Linear Model Predictive Control
Introduction
Model Predictive Control (MPC) is a modern control strategy known for its capacity to provide optimized responses while accounting for state and input constraints of the system. This introduction only provides a glimpse of what MPC is and can do. In fact, MPC is a solid and large research field on its own.
In the core idea of MPC is the fact that a model of the dynamic system (the vehicle in our case) is used to predict the future evolution of the state trajectories in order to optimize the control signal and account for possible violation of the state trajectories while bounding the input to the admissible set of values. The concept is shown in Figure 1.
In the core idea of MPC is the fact that a model of the dynamic system (the vehicle in our case) is used to predict the future evolution of the state trajectories in order to optimize the control signal and account for possible violation of the state trajectories while bounding the input to the admissible set of values. The concept is shown in Figure 1.
Figure 1: The basic concept of model predictive control as a modelbased and optimizationbased solution.
Receding Horizon Strategies
Model Predictive Control relies on the concept of receding horizon optimal control derivation. According to this approach, at time t we solve to find the optimal control sequence over a finite future horizon of N steps. The relevant formulation is shown below:
Based on the concept of receding horizon, we derive the optimal sequence over N steps but we only apply its first element  the first optimal control moveaction u*(t). At time t+1, we get new measurements/state estimates and repeat the optimization. Essentially, we exploit feedback to update the optimization over the time horizon selected to predict the future evolution of the system outputs.
To understand the concept of receding horizon control, one can consider the analogy of a driver steering a car (see Figure 2). Within that analogy:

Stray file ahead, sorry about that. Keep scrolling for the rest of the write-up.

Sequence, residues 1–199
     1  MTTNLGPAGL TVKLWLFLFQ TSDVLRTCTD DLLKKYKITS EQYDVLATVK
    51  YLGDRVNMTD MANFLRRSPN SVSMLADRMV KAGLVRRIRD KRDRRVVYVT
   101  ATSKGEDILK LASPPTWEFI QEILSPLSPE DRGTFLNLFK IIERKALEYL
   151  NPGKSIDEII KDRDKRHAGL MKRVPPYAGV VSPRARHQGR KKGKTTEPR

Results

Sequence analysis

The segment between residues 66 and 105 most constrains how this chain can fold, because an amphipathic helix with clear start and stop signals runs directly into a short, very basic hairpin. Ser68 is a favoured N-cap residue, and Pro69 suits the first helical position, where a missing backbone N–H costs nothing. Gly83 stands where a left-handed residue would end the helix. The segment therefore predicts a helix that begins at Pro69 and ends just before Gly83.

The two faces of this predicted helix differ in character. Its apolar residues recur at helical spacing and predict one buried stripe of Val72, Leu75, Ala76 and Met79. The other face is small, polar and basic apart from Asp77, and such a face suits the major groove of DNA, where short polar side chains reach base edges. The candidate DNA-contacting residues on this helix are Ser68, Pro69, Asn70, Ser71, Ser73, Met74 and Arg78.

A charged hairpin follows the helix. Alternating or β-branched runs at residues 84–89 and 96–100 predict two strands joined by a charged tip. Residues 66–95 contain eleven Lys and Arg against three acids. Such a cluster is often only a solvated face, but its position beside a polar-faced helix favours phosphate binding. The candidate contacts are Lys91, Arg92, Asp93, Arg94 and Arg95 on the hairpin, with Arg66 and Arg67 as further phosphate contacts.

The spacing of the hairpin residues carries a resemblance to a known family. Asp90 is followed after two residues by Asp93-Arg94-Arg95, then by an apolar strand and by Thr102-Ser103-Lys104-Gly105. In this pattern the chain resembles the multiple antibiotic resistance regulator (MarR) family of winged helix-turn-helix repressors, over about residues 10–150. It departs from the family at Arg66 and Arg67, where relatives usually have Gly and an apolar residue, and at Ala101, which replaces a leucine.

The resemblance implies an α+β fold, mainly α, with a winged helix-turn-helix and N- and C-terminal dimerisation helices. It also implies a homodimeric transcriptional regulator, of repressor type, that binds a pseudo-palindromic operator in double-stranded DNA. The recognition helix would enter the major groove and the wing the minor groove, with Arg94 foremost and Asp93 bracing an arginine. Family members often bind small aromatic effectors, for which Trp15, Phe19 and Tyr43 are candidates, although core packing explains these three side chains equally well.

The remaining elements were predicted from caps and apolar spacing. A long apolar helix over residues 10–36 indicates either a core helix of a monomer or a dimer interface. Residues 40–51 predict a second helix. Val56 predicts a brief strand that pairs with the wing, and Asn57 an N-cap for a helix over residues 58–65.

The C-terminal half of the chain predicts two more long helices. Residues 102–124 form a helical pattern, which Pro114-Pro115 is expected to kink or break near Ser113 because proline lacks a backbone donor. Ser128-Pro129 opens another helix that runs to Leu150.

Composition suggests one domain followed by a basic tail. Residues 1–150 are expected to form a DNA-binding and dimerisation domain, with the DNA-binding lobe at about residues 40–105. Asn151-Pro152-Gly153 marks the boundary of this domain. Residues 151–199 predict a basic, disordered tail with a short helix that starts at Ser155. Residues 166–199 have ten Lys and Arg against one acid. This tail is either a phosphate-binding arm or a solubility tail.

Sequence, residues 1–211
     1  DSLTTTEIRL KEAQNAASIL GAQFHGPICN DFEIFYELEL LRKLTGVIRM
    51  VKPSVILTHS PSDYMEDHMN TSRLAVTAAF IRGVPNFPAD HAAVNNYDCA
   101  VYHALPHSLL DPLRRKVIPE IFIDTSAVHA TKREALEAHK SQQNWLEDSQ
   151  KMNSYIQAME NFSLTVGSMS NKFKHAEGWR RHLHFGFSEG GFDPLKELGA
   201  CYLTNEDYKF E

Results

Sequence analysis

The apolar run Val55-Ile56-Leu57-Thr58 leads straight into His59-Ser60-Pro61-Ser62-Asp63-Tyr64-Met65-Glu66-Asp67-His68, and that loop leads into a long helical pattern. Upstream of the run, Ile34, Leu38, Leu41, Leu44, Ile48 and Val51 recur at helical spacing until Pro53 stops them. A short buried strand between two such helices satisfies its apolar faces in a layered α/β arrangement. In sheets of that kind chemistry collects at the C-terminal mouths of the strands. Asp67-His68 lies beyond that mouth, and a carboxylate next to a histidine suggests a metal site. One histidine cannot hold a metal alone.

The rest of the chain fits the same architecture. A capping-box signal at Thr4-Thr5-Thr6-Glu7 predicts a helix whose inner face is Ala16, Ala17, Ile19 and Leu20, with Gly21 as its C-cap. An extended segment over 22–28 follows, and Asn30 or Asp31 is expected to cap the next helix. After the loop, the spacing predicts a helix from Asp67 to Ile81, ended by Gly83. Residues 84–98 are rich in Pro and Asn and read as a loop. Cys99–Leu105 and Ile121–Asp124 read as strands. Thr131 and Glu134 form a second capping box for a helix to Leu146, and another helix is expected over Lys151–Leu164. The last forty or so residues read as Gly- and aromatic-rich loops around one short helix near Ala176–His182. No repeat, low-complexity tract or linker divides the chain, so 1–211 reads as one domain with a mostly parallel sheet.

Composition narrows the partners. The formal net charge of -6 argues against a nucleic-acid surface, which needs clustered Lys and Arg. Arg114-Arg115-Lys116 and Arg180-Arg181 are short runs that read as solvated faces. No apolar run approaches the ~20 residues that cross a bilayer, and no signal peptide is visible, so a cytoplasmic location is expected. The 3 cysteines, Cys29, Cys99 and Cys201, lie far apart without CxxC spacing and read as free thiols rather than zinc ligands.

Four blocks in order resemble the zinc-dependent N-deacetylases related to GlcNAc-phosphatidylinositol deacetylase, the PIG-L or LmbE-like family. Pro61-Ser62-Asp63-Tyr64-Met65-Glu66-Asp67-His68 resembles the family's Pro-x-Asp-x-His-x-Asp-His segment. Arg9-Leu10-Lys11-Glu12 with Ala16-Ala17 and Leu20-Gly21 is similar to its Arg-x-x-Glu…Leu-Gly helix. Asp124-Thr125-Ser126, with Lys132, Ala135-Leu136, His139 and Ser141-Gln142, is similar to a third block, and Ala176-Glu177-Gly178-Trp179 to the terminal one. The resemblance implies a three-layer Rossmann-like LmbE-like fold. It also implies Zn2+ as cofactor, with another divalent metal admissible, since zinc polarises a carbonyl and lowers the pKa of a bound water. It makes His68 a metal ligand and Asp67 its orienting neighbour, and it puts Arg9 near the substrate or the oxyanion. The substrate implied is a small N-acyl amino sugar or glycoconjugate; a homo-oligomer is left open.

Figure 2: Car driving requires predictive thinking and optimal control derivation. Image screenshot from "Stunt Rally".

Deriving a Good Model for Model Predictive Control
MPC relies on the provided model for its computations. In fact, the model selection has a major role regarding the computational complexity of the algorithm, its theoretical properties (e.g. stability). At the same time, the selected objective and imposed constraints also influence and define these properties.
A good model for MPC is a model that is descriptive enough, captures the dominant and important dynamics of the system but also remains simple enough such that it allows the optimization problem to be tractable and solvable in realtime. Finding a good balance between these two requirements is a balance. A good model is simple as possible, but not simpler.
Therefore, the following questions should be answered before deriving a model to be used with Model Predictive Control methods:
A good model for MPC is a model that is descriptive enough, captures the dominant and important dynamics of the system but also remains simple enough such that it allows the optimization problem to be tractable and solvable in realtime. Finding a good balance between these two requirements is a balance. A good model is simple as possible, but not simpler.
Therefore, the following questions should be answered before deriving a model to be used with Model Predictive Control methods:
 Should for control purposes the system be captured with Nonlinear, Linear or Hybrid dynamics?
 What is the required for control purposes order of the system?
 Can we decouple the system? What assumptions are required? Are they reasonable?
Linear MPC Tracking Problem
Considering a system captured using the linear dynamics:
The Optimal Constrained Control Problem of Linear MPC Reference Tracking takes the form:
where:
This Convex Quadratic Program (QP) can be rewritten in the more general form:
And the derivation of its solutions can be accomplished using modern methods for Convex Optimization.